The balloon claims to be the largest in the world (a fact I haven’t been able to verify). As well as carrying passengers it also measures air quality.

Our ride took us up to 150 metres. We were able to walk around the platform to get the best views although of course had to ‘negotiate’ with the others on board.

Looking towards the city centre we were able to pick out landmarks such as the Eiffel Tower, Sacré Coeur and the dome of Les Invalides.

The view towards the centre

Les Invalides catching the sun

Immediately below us was the Seine, with a couple of river cruise boats moored. Beyond those I picked out the quarter-scale replica of the Statue of Liberty that sits on the Île aux Cygnes. This was a gift to the city of Paris from the city’s American community to commemorate the centennial of the French Revolution in 1889.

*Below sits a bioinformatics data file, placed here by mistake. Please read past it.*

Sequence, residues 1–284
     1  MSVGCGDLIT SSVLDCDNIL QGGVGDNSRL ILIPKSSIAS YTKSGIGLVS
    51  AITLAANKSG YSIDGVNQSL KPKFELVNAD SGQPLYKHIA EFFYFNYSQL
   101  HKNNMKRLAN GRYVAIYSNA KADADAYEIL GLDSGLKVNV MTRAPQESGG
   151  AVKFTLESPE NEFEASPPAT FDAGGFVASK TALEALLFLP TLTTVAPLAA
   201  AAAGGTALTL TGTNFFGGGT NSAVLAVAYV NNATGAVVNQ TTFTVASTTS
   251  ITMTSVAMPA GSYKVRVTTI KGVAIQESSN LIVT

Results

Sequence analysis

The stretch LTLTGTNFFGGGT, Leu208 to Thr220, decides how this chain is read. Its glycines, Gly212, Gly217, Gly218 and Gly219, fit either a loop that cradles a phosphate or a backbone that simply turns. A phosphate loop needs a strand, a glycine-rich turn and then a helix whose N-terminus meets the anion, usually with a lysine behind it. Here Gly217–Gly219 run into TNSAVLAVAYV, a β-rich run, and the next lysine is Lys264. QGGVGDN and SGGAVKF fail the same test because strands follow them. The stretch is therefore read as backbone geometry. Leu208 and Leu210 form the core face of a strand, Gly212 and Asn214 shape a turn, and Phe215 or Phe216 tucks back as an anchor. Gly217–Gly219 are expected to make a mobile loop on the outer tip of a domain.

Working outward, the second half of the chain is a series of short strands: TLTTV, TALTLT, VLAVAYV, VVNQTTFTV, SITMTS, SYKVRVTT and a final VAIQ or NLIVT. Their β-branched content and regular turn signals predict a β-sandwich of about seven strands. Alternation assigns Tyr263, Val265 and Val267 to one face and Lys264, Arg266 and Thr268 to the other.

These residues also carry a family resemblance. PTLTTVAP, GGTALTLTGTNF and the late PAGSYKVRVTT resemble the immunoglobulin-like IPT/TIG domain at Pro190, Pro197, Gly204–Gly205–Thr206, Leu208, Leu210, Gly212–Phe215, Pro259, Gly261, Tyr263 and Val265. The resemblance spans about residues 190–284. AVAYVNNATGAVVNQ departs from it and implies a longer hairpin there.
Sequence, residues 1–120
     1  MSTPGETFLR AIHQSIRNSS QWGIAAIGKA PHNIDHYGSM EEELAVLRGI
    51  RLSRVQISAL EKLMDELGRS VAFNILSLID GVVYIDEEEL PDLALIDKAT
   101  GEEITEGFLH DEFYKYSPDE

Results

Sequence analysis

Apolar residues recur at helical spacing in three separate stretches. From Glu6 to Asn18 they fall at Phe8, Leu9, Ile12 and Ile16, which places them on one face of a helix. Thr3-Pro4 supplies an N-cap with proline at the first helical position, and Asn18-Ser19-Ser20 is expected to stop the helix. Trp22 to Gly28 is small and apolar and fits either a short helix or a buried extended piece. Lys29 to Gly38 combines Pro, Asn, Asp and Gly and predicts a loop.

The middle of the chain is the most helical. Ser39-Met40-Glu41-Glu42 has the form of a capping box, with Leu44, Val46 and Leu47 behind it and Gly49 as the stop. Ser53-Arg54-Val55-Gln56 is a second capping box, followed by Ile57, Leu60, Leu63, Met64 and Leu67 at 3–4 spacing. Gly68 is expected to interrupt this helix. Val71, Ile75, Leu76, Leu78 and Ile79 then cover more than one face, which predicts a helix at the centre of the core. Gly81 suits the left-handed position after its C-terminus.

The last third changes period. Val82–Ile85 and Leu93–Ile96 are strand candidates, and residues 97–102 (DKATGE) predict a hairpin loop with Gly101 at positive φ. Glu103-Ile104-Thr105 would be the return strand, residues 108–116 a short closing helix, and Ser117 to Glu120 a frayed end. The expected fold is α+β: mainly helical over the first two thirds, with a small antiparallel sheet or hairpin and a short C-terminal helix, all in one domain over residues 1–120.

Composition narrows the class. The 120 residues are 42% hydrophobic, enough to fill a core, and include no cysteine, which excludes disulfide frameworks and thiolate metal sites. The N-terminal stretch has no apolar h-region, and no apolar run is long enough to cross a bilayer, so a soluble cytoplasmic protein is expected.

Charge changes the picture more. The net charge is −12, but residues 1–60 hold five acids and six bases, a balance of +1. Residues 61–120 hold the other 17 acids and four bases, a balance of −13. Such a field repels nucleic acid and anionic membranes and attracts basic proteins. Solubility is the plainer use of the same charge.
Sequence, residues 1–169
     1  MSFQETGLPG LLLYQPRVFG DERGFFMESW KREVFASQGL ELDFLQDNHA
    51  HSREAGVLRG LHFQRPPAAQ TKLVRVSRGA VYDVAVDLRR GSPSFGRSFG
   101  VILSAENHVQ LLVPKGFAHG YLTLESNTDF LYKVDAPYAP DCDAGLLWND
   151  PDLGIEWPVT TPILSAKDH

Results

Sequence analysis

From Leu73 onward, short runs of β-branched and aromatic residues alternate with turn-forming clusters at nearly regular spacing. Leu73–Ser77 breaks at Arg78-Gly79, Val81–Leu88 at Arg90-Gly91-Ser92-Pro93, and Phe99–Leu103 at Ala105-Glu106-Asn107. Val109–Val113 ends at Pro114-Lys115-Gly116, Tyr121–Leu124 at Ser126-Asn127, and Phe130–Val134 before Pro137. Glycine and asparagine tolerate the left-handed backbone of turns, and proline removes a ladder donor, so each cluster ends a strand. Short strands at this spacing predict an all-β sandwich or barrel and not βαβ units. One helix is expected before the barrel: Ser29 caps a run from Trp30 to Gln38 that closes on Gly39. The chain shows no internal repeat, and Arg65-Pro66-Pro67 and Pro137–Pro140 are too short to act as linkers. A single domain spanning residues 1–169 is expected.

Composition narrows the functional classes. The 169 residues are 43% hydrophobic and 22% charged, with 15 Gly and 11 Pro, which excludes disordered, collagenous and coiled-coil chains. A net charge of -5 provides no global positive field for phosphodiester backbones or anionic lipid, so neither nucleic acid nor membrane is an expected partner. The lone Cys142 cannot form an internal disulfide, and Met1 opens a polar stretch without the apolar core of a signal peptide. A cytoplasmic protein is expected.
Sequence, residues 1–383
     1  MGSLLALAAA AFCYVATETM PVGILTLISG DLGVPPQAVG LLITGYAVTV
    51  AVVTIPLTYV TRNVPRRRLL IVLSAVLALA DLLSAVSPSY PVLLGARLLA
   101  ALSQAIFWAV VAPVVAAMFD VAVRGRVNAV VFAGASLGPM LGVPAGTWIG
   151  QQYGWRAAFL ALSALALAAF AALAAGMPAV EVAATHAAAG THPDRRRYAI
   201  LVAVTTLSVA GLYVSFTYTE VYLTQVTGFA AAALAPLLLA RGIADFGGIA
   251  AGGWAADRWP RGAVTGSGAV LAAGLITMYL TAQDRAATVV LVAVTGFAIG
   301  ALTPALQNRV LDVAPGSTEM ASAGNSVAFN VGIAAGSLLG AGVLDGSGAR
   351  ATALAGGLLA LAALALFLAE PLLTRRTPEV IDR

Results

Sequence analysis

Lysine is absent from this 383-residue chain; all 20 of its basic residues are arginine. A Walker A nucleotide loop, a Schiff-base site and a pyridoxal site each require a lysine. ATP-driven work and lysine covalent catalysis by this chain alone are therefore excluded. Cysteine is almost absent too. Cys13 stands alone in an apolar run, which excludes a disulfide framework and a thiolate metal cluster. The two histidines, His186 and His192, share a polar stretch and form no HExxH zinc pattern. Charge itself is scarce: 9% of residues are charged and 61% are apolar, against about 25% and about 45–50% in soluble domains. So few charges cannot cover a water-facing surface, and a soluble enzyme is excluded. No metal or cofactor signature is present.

The Seine and the Île aux Cygnes.

On the far side of the river I spotted a football stadium which the balloon operator confirmed was Parc des Princes, the stadium of PSG. This was of particular interest to us as Newcastle United will play them in November! He then turned guide and pointed out other sporting venues in that vicinity including Roland Garros where the French tennis open is played and a rugby stadium.

Parc des Princes

All too soon we were descending. In fact we had already started to do so when I had the thought to try to capture some panoramas! But I’ve been able to create one from higher up by stitching together two of my regular shots.

Panorama created from two shots

Panorama shot as we descended

Before leaving I took some final photos of the balloon against the rather striking modern buildings surrounding the park. In this shot you can clearly see the round platform which holds the passengers.

Back on the ground


Once back at ground level we walked to a different Metro station, Javel-André Citroën, as we hoped for river views as we walked. However these were largely blocked until we reached the Pont Mirabeau. From there we had great views of the Eiffel Tower and of the mini Statue of Liberty.

The Pont Mirabeau

Street art by the Seine, and the 'Statue of Liberty' from the Pont Mirabeau